How To Prevent And Treat Eyelash Lice

Lice are small, wingless insects that infest the hair and scalp. They can cause intense itching and can spread from one person to another through close contact (via Healthline). Lice can come in three main types, namely head lice, pubic lice, and body lice. Given that there are different types of lice, highlights pubic lice as the type that is typically seen on the eyelash. The source expands that eyelash lice, also known in the scientific field as pthirus pubis, have evolved in structure such that they can attach easily to coarser textured hairs. These include the hairs in the genital area, hairs in the eyelashes, and coarse eyebrow hairs. 

According to WebMD, eyelash lice are tiny, often with a cigar-shaped outline. In addition, each mite has four pairs of legs, which move in bunches, usually at the base of your eyelashes. Eyelash lice can live for up to two days without access to human blood, says Healthline. Once they're attached to your body, they can stay alive for up to 4 weeks.

Causes and symptoms of eyelash lice

According to, eyelash lice are mostly caused by sharing personal items with someone who has lice. Also, you can pass eyelash lice onto your eyelashes by simply touching your genitals (if your genitals are invested with pubic lice), says Healthline. Another possible cause pointed out by Medical News Today is dust. According to the source, eyelash lice can be spread by dust that contains pubic lice eggs.

The symptoms of eyelash lice can vary from person to person. According to WebMD , you can experience blurry vision, itching, eye pain, crusty edges on your eyelids, and unexplained tearing in the eyes. One symptom a doctor might look out for is swelling and redness in the eyelids. To be extremely certain, it might be best to use a microscope to identify mites or tube-like dandruff on your lashes. Another alternative is to visit your doctor for a proper diagnosis.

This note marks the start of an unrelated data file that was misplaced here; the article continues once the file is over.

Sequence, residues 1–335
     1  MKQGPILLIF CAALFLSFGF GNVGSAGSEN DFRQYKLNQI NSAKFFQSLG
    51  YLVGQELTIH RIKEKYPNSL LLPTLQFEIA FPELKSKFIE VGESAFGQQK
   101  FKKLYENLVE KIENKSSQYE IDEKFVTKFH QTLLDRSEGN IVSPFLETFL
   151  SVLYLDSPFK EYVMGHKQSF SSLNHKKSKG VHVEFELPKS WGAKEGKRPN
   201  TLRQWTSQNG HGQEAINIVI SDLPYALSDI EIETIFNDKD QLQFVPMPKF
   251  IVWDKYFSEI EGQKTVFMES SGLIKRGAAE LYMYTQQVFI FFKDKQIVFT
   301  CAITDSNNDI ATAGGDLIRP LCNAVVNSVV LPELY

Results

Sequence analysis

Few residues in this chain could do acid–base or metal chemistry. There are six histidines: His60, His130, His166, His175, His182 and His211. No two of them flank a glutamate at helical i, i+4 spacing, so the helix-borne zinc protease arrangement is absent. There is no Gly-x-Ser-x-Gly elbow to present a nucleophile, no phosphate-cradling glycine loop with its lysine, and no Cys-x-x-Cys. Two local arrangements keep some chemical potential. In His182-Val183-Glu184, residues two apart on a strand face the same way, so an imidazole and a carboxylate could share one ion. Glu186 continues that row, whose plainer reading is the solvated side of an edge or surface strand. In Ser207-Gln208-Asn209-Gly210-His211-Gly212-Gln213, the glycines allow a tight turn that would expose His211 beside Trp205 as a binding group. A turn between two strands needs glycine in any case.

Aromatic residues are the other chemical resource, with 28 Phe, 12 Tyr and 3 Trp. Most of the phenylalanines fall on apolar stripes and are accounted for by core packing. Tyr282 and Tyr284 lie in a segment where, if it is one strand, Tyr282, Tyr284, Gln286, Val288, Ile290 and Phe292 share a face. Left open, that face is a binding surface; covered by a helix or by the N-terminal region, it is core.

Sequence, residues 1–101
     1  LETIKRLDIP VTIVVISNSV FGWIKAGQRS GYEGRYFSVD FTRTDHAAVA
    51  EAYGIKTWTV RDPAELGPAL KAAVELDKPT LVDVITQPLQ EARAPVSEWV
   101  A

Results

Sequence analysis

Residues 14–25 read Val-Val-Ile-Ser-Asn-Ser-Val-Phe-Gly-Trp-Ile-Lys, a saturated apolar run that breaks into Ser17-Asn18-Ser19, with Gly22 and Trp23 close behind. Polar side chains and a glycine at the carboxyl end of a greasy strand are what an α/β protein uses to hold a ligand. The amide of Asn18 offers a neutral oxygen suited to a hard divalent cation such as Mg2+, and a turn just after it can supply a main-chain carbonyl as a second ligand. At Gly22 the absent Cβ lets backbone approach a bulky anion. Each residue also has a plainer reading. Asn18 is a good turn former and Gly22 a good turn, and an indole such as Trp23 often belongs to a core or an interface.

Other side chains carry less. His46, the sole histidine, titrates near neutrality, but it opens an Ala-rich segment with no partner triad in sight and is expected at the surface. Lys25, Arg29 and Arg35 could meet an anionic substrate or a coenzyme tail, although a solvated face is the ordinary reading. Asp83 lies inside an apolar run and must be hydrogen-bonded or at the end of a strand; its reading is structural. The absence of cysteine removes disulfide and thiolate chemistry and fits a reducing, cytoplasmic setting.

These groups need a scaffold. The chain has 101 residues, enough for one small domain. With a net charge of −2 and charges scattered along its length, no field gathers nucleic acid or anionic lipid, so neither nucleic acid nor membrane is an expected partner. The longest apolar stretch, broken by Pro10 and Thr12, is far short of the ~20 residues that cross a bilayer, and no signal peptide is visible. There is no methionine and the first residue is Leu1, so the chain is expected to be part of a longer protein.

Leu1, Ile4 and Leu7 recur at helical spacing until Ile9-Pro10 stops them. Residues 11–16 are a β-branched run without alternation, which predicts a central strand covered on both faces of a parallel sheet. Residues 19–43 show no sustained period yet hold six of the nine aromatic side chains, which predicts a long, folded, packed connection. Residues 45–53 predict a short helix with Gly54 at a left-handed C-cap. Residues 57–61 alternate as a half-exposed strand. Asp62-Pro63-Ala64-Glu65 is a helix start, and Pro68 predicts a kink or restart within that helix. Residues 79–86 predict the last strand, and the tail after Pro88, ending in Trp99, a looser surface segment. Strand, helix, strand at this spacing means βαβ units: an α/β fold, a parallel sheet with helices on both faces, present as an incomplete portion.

How to treat and prevent eyelash lice

According to Healthline, it's best to ask your doctor for advice before undergoing any treatment for eyelash lice. The source advises using a three-day treatment that involves applying a thick layer of petroleum jelly to the eyelids twice a day. Next, apply shampoo with 1% permethrin to your eyelids approximately 2 hours after spreading the petroleum jelly. Finally, wash your eyelids thoroughly about 10 minutes after applying the shampoo. further advises using ophthalmic-grade petrolatum ointment on the eyelids. According to the source, this ointment is acquired only through prescription and must be applied 2 to 4 times a day for up to 10 days. If this treatment doesn't work, the source states ivermectin, an oral anti-parasite medication, might be another option.

According to Medical News Today, eyelash lice don't cause major issues when present in low numbers. However, it's still important to reduce your exposure to lice eggs. To do this, Medical News Today advises using a non-soap cleanser to clean your face twice a day. Your cleansers and makeup shouldn't be oil-based or greasy in composition. Lastly, the source encourages periodic exfoliation, as this removes all dead skin cells on your face.